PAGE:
There are a few reasons for this:

  • Some email servers block emails with attachments, so you run the risk of your email never making it to the prospective client.

  • It looks much more professional to have a link to a portfolio vs. sending attachments via email.

  • It is easier for the client to pass a link along to their colleagues vs. attachments.

  • It is easier for you and less time consuming to send a link vs. dig up attachments

The following sites offer free platforms for writers to set up portfolios:

My Contently Portfolio:

My writing profile on

Here is a screenshot of what my portfolio looks like on Contently. My ClearVoice portfolio is similar to that. Here’s the great thing about Contently and ClearVoice:

Both platforms connect writers and clients without the writer having to actually apply for a position. The agents who work for Contently and ClearVoice take care of finding the clients for you based on the writing samples you provide. I haven’t found clients through Contently yet, but I was connected to a great client on ClearVoice, so that one definitely seems to have potential.

Of course, when creating these profiles, do not solely only rely on finding clients through the Contently/ClearVision platforms themselves. Use that portfolio link to send to other prospective clients you’re pitching via email, Upwork, LinkedIn, etc.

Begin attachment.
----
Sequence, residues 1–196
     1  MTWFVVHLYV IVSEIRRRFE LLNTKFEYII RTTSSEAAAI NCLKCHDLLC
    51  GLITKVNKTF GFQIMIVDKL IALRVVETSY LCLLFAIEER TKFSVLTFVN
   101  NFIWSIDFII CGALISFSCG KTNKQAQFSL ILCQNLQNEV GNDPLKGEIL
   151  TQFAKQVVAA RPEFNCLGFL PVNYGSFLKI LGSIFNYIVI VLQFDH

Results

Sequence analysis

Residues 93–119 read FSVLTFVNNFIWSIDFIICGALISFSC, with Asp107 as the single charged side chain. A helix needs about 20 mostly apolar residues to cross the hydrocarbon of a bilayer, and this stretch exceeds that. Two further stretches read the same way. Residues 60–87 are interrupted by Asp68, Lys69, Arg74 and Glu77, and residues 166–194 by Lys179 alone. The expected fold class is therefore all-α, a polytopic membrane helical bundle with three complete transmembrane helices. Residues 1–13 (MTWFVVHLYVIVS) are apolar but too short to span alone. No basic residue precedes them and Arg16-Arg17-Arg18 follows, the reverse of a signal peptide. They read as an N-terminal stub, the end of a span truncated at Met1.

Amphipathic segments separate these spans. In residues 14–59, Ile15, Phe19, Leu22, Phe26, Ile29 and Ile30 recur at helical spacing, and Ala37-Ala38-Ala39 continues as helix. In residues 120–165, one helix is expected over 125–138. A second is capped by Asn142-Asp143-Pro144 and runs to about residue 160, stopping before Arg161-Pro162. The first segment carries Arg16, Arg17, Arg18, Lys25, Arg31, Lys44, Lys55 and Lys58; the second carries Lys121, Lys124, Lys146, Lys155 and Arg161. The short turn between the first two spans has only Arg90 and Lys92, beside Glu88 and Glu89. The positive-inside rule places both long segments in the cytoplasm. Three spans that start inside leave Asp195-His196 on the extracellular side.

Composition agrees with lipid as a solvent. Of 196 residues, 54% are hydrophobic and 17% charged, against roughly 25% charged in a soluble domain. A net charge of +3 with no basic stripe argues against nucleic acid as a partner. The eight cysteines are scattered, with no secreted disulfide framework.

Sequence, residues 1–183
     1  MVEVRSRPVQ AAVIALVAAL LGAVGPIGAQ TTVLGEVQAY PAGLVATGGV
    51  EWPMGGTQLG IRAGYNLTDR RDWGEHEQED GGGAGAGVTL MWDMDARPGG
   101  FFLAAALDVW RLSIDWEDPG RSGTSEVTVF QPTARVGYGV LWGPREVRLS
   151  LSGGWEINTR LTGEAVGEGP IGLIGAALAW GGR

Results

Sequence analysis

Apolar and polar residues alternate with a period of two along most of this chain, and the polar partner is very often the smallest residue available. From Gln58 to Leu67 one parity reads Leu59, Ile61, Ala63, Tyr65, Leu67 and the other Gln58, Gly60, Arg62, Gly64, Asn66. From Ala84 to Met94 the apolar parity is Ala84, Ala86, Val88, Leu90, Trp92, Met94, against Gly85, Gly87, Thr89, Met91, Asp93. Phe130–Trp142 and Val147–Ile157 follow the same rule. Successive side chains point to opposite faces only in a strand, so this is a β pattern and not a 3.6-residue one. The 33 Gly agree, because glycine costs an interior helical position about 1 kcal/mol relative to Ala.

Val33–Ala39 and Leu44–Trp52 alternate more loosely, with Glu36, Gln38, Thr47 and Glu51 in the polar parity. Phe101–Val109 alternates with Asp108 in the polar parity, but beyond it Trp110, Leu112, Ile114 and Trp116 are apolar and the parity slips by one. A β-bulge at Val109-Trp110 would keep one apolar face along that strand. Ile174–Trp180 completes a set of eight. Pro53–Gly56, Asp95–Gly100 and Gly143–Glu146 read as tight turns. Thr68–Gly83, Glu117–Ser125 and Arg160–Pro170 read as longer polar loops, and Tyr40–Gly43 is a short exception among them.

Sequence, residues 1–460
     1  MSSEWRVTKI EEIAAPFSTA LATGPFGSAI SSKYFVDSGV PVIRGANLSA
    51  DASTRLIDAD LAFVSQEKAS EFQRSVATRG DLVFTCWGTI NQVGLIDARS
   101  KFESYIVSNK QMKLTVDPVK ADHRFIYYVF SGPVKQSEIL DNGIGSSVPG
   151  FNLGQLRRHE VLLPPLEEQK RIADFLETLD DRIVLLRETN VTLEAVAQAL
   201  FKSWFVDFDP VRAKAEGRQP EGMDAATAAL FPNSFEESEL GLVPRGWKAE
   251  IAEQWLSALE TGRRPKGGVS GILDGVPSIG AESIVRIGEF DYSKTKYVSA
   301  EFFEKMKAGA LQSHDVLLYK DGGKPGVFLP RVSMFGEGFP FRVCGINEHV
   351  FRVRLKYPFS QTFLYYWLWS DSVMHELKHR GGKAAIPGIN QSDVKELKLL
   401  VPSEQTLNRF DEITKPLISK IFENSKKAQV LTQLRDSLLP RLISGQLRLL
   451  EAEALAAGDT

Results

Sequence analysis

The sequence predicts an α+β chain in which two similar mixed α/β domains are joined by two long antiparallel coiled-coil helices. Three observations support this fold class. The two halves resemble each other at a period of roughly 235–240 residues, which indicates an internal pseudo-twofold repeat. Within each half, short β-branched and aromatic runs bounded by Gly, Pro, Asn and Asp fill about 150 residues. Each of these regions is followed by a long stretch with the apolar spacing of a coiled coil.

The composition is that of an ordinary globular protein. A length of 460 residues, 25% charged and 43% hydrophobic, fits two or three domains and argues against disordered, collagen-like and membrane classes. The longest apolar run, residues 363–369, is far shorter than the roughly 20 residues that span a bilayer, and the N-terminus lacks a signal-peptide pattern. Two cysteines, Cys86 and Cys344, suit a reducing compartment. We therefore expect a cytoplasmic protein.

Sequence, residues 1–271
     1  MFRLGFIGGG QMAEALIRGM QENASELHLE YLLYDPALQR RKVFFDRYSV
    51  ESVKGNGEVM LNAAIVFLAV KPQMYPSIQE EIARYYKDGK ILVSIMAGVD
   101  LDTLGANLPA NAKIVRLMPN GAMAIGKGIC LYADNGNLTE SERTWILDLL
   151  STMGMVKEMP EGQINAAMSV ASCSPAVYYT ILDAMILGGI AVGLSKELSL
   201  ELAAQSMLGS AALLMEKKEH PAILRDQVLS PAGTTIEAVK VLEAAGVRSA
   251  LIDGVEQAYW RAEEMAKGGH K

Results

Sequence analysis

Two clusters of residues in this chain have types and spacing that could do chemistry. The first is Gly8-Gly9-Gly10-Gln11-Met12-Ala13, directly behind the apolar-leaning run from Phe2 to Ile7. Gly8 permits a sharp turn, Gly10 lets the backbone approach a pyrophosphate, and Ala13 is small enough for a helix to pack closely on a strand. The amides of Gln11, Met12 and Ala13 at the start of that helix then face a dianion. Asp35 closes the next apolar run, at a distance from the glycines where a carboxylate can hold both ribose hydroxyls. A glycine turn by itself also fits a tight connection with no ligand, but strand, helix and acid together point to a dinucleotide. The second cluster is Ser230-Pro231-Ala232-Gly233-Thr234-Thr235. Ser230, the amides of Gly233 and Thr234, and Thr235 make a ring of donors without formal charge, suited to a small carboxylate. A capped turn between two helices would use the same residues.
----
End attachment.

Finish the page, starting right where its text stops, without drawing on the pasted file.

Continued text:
Alternatively, you can also create a profile here on Medium. It’s $5 per month but you can read unlimited articles through the platform (whereas free accounts limit readers to three articles per month) and Medium provides a clean, user-friendly site to showcase your work. People spend a lot of time reading content on here, so a prospective client may come across your work.

The $5 Medium fee is about the same price as a Starbucks coffee and infinitely more valuable.

Step #5: Share your Writing Profile on LinkedIn, Facebook, etc.

After you have assembled your writing samples in Contently, ClearVoice, Medium, or any other portfolio site you decide to use, share the link on LinkedIn, Facebook, Twitter, and various other social media outlets. The more you can spread the word about your writing, the better. You will be shocked by how many people in your network are looking for writers — even individuals you haven’t spoken to in years.

If I just want to send writing samples as an attachment to a prospective client, how many should I send?

Two or three writing samples that exhibit your best work and are in the industry you’re applying for should be sufficient. If you have more samples than that, add a few more, but I wouldn’t send more than five or six. Some clients find it overwhelming to sift through tons of writing samples and they most likely won’t read more than two or three.


About Me:

My name is Amanda Sapio and I am a freelance copywriter with 8+ years’ experience as a writer/editor.

Feel free to connect with me on LinkedIn, follow me on Medium, and sign up for my weekly email which includes tips on freelancing and career growth.